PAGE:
How do I know if I’m getting too personal at work?
What makes someone professional? The clothes they wear? Maybe. The vocabulary in emails? Let’s be honest no one says “therefore” in real life but in a work email, seems totally legit.
Here’s one thing to think about when trying to be professional: process your feelings about whatever is happening BEFORE or AFTER the moment with your boss or team. I’m not saying to be inauthentic or not feel, simply, don’t expect your bosses or team to do for you.
The point of separating professional and personal is to keep the momentum in the project or task at hand. If you can focus on that (and filter your feelings for another conversation) you’ll be killing the game.
If you’re wondering how to handle yourself when you are PISSED and don’t know what to say in the moment, here are some ideas:
Going from monopoly to checkers and why you don’t have to be good at everything.
I played monopoly so much as a kid that we had to iron the money between wax paper. Do you remember when you could spend an entire summer day just playing a board game? The little metal dog around and around the board. I always wanted to own Boardwalk and Park Place.
Now, imagine that you’ve been playing monopoly your whole life. And your parents tell you that you’re amazing at monopoly. And one day, I walk in and tell you “congratulations, you’re now ready for the real thing. Checkers.” I grab the monopoly board, pull it right out from underneath you, all the little houses go flying, and I hand you the checkers board. We all look at you expectantly. It’s time to play, let’s go! What are you waiting for?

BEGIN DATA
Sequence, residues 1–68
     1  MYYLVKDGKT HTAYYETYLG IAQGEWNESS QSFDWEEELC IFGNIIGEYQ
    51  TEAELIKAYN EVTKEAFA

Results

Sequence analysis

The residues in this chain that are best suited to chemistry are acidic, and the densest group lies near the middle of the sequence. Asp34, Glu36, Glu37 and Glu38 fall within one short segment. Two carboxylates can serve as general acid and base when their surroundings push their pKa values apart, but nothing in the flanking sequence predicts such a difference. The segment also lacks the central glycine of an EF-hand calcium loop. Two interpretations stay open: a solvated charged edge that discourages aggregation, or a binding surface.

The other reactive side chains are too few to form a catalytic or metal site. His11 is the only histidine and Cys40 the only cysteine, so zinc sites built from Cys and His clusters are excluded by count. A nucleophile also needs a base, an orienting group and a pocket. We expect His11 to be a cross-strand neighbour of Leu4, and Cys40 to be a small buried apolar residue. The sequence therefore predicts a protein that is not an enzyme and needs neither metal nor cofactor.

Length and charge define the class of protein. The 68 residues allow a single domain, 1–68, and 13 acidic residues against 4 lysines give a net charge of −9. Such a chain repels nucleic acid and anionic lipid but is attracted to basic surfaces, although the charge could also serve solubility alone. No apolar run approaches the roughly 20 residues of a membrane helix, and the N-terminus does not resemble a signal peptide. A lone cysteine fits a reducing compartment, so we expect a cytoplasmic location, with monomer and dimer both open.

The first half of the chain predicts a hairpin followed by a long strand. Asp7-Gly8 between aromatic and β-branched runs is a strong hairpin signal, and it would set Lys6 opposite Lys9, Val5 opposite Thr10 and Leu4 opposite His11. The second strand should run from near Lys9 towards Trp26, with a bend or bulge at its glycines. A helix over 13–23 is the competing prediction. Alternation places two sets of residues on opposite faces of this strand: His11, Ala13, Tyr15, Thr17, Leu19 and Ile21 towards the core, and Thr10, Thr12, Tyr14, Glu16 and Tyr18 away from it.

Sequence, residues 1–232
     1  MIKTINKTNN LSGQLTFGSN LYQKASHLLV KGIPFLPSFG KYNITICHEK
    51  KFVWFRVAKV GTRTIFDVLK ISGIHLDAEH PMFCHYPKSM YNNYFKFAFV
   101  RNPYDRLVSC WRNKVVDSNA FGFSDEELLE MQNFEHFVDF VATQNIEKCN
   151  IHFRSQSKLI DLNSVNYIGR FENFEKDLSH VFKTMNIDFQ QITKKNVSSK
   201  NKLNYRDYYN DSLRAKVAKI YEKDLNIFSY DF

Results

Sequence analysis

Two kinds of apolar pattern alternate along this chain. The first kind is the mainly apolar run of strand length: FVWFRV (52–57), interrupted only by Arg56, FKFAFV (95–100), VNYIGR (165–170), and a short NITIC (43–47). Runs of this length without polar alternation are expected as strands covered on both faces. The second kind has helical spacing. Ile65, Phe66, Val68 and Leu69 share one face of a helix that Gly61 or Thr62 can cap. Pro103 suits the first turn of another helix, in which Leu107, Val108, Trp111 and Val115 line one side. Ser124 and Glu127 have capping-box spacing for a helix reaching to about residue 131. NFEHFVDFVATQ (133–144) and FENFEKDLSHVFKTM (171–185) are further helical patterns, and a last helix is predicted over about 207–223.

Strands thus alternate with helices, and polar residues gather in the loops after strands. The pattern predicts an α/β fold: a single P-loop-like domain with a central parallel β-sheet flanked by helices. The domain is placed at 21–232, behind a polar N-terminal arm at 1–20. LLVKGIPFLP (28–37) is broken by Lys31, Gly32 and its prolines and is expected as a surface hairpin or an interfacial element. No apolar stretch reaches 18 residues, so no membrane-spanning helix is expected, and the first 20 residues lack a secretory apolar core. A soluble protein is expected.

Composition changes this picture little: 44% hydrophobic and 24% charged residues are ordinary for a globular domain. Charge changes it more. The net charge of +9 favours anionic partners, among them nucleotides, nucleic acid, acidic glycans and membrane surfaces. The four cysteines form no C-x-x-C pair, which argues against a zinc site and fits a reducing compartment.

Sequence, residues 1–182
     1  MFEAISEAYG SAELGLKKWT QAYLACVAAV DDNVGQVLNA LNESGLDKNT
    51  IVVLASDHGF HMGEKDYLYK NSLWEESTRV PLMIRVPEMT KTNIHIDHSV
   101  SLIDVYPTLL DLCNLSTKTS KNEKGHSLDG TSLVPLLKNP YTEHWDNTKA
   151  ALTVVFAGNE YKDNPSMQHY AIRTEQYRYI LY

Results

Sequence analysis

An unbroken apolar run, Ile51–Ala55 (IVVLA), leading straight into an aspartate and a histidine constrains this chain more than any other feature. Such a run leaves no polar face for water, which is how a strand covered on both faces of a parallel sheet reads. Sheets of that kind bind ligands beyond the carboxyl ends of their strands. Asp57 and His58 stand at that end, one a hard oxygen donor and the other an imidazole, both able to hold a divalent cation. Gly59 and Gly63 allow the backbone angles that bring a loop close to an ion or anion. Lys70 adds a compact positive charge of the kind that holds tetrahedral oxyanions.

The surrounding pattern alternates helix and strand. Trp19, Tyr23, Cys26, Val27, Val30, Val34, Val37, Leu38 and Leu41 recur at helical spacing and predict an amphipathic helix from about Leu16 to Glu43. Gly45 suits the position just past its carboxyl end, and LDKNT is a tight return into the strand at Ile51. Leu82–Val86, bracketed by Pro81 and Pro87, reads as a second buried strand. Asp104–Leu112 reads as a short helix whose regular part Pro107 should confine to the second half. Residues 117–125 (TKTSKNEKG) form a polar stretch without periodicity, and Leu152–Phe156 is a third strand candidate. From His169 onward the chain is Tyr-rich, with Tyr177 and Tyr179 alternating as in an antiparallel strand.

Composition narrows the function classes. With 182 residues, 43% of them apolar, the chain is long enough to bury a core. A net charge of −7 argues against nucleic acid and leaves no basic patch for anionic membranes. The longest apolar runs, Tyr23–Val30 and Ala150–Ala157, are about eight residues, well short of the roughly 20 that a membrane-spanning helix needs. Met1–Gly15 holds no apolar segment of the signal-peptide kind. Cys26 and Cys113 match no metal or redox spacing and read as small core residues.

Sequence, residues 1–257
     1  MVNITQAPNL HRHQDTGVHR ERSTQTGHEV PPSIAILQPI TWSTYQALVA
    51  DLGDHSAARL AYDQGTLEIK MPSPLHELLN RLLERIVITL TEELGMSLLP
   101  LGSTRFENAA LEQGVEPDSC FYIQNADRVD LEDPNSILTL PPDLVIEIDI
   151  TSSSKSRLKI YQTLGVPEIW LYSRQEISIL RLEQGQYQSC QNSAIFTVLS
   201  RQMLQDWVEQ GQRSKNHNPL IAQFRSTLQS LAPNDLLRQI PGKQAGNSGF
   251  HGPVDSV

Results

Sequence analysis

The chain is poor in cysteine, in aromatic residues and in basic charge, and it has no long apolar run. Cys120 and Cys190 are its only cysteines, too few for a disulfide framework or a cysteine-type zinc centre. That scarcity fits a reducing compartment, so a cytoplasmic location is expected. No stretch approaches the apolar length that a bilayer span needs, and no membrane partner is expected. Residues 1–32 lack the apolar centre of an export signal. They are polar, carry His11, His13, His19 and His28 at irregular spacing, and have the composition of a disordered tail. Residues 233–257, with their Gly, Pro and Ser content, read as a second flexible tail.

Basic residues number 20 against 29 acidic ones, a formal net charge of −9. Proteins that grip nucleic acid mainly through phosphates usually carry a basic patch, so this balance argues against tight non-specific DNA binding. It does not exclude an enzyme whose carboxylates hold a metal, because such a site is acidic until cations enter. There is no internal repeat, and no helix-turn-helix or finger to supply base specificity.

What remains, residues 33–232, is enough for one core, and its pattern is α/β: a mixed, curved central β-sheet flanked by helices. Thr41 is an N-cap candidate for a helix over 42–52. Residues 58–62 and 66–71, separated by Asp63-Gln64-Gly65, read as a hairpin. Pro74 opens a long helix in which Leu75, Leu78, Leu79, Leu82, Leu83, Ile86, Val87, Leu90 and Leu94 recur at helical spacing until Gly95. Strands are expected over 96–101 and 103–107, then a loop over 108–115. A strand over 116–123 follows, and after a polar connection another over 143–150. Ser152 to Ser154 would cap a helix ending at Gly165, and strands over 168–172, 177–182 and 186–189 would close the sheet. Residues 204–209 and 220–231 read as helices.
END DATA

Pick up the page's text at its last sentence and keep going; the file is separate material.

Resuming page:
And you’re just sitting there holding the little metal dog like… WTF are you talking about?!?!
Where I started and how I got here today.
With my diploma in hand, I set out to do something that had very little to do with my degree from Syracuse University: raise money so I could tour the country playing in a rock band. My parents were thrilled (or not).
Growing up, I was taught to do what I love, to experiment, to try new things and be curious. The only problem was, my curiosity was real at a time that I was supposed to have a plan for my life. How could I have a plan when I didn’t even know what I liked yet?
So I spent my twenties learning about myself and the world around me. I toured with a band for six years. I mentored others who wanted to follow a similar path. I designed and implemented curriculum for college students to supplement what they were learning on campus. I lead a staff team of 20 people as a Director with Keynote for six years. During this time, I figured out where generational differences broke down… and I was hooked.